June 18, 2018
The U.S. intelligence community’s confirmation that the Russian government launched a campaign to stir unrest and meddle in the 2016 presidential election took many Americans by surprise, but Ukrainians have been living with these tactics for years.
During the annexation of Crimea in March 2014, the Kyiv Mohyla Journalism School launched a fact-checking website, StopFake.org, that attracted journalists, technology experts and translators worried about the Kremlin-fueled disinformation about Ukraine in their media. StopFake has grown into a Snopes-type website that debunks Russian lies and propaganda in 11 languages.
Ukraine declared its independence from the USSR in 1991, but its location between Russia and the West all but guaranteed that it would be where Russian and European values and interests clash.
Sifting fact from fiction in Russia–Ukraine relations isn’t always easy. Earlier this week, the Ukrainian government said it helped dissident Russian journalist Arkady Babchenko fake his own death in an attempt to expose an assassination plot.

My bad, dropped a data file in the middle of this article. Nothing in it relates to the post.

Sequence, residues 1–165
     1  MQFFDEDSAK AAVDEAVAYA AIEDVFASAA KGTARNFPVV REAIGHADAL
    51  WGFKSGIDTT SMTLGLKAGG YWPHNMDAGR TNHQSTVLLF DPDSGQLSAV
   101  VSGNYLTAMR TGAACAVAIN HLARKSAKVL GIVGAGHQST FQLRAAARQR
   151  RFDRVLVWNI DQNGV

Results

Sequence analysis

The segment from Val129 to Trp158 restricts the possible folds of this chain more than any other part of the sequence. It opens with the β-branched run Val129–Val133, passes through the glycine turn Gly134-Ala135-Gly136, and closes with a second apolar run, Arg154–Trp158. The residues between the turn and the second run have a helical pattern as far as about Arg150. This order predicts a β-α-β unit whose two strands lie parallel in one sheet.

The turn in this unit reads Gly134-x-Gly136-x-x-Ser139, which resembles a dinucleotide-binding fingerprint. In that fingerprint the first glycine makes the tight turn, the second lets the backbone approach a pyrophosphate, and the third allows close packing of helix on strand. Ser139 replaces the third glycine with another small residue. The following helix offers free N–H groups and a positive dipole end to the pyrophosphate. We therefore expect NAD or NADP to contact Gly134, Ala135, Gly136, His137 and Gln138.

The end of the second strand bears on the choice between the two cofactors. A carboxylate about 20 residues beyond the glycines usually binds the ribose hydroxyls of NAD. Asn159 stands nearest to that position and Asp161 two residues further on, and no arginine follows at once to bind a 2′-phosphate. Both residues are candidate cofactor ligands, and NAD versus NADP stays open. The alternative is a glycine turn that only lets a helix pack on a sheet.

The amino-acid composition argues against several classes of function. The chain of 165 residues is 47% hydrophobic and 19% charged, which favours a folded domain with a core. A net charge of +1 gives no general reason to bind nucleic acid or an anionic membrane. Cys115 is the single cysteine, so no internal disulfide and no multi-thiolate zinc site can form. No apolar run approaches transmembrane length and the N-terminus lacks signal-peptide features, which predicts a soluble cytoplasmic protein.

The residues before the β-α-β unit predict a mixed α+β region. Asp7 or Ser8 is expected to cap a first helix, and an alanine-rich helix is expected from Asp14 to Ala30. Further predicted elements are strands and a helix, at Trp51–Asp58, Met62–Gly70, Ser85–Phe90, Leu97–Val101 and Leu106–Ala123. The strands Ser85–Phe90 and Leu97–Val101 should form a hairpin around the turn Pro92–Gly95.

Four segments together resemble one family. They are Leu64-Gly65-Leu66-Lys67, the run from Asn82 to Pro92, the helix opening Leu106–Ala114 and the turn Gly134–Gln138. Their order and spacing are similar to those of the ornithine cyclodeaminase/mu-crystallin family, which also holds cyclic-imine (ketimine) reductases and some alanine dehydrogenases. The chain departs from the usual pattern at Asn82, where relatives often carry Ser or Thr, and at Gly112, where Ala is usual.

Yahoo News reached out to StopFake co-founder Ruslan Deynychenko to hear more about propaganda narratives, media literacy and how disinformation chips away at faith in democracy.
Ruslan Deynychenko: They were pretty successful in the beginning because there were no reactions from Ukraine. We didn’t take them seriously and we allowed them to have at least three TV networks that were still broadcasting in Ukraine. We didn’t pay attention to that until 2014 when our team and some other people from NGOs and government realized it’s not a joke. Basically, a huge part of what happened to Ukraine happened because we didn’t pay attention to Russian propaganda. They brainwashed a lot of people. They fueled these conflicts, which helped them to take a part of Ukraine, which is the Crimean Peninsula. A lot of people who were brainwashed wanted to be part of the Russian Federation, or so-called Russian world.